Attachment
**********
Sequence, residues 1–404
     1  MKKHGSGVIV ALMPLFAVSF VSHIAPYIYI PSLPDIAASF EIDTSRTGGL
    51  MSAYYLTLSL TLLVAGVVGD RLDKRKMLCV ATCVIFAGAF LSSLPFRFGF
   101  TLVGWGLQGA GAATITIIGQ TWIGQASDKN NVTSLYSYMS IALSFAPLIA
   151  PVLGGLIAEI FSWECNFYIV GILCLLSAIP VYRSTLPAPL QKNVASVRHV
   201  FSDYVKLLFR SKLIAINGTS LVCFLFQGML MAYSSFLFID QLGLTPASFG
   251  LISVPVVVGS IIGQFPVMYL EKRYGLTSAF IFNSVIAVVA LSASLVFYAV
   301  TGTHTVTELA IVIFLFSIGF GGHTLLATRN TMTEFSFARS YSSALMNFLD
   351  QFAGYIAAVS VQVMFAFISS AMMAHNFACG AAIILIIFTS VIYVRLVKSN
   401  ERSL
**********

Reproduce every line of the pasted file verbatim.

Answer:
Sequence, residues 1–404
     1  MKKHGSGVIV ALMPLFAVSF VSHIAPYIYI PSLPDIAASF EIDTSRTGGL
    51  MSAYYLTLSL TLLVAGVVGD RLDKRKMLCV ATCVIFAGAF LSSLPFRFGF
   101  TLVGWGLQGA GAATITIIGQ TWIGQASDKN NVTSLYSYMS IALSFAPLIA
   151  PVLGGLIAEI FSWECNFYIV GILCLLSAIP VYRSTLPAPL QKNVASVRHV
   201  FSDYVKLLFR SKLIAINGTS LVCFLFQGML MAYSSFLFID QLGLTPASFG
   251  LISVPVVVGS IIGQFPVMYL EKRYGLTSAF IFNSVIAVVA LSASLVFYAV
   301  TGTHTVTELA IVIFLFSIGF GGHTLLATRN TMTEFSFARS YSSALMNFLD
   351  QFAGYIAAVS VQVMFAFISS AMMAHNFACG AAIILIIFTS VIYVRLVKSN
   401  ERSL